A simple, yet versatile, new design for chaotic oscillating circuitry inspired by prime numbers
Our ability to recreate the signals found in natural systems, such as those in brains, swarms, and the weather, is useful for our understanding of the underlying principles. These signals can be very complex, to the extreme case of the so-called “chaotic signals.”
Chaos does not mean randomness; it represents a very complicated type of order. Minute changes in the parameters of a chaotic system can result in greatly different behaviors. Chaotic signals are difficult to predict, but they are present in lots of different scenarios.
Unfortunately, the generation of chaotic signals with desired features is a difficult task. Creating them digitally is in some cases too power consuming, and approaches based on analog circuits are necessary. Now, researchers in Japan, Italy, and Poland propose a new approach for creating integrated circuits that can generate chaotic signals.
This research was the result of a collaboration between scientists from Tokyo Institute of Technology (Tokyo Tech), in part funded by the World Research Hub Initiative, the Universities of Catania and Trento, Italy, and the Polish Academy of Sciences in Krakow, Poland.
The research team started from the idea that cycles that have periods set by different prime numbers cannot develop a fixed phase relationship. Surprisingly, this principle seems to have emerged in the evolution of several species of cicadas, whose life cycles follow prime numbers of years, to avoid synchronizing with each other and with predators.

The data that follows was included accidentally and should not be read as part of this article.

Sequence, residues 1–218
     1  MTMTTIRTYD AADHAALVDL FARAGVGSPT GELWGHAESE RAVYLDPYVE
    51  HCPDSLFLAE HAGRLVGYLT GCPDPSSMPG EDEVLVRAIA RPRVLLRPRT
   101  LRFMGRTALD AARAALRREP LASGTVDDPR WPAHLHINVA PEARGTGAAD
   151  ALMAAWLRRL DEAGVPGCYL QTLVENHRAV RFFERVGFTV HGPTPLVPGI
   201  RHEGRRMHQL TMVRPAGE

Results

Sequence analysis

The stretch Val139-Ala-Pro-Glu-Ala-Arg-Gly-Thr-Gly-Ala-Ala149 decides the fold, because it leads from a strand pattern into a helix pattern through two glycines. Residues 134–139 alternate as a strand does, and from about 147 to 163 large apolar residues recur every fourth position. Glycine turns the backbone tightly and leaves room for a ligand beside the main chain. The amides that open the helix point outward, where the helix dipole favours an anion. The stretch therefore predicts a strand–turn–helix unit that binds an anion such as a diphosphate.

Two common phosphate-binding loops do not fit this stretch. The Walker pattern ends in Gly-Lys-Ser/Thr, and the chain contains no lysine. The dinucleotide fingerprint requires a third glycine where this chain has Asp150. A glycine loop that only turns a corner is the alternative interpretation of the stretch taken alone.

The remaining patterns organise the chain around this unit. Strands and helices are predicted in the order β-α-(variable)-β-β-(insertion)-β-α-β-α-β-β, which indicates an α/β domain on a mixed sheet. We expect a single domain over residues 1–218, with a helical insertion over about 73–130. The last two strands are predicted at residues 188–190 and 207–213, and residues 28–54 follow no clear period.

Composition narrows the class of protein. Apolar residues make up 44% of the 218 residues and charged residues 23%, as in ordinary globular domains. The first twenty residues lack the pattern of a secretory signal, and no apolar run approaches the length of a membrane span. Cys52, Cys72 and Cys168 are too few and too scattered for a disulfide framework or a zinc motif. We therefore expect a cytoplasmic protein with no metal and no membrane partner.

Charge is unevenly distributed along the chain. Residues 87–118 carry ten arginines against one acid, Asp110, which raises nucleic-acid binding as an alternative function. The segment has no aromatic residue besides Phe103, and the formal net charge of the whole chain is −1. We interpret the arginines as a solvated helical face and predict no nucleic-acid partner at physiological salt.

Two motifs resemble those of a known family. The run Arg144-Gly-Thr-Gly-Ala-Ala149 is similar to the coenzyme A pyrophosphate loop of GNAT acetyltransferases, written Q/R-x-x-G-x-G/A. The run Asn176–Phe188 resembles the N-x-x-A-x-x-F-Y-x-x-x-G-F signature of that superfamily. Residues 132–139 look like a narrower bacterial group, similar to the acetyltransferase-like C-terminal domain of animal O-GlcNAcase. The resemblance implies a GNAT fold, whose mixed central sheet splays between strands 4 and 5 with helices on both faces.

For example, if one tries to “tie together” oscillators with periods set to the first three prime numbers (3, 5 and 7), the resulting signals are very complicated and chaos can readily be generated (Fig. 1).
The design started from the most traditional oscillator found in integrated circuits, called the “ring oscillator,” which is small and does not require reactive components (capacitors and inductors). Such a circuit was modified so that the strengths of ring oscillators having three, five and seven stages could be controlled independently, along with the tightness of their linkages.
The device could generate chaotic signals over a wide frequency spectrum, from audible frequencies to the radio band (1 kHz to 10 MHz). “Moreover, it could do so at a rather low power consumption, below one-millionth of a watt,” explains Dr. Hiroyuki Ito, head of the laboratory where the prototype was designed.
Even more remarkable was the discovery that totally different types of signals could be generated depending on the slightly different characteristics the individual prototypes (Fig. 2). For example, the researchers recorded trains of spikes quite similar to what is found in biological neurons.
They also found situations in which the rings “fought each other” to the point of almost completely suppressing their activity: this phenomenon is called “oscillation death.”
“This circuit draws its beauty from a really essential shape and principle, and simplicity is key to realizing large systems operating collectively in a harmonious manner, especially when it enriched by small differences and imperfections, such as those found in the realized circuits,” says Dr. Ludovico Minati, lead author of the study.
The team believes in its future ability to be a building block for many different applications. They will work on integrating this circuit with sensors to, for example, measure chemical properties in the soil. Additionally, they will create networks of these oscillators on single computer chips interconnected in manners that resemble biological neural circuits. They hope to realize certain operations while consuming many times less power than a traditional computer.
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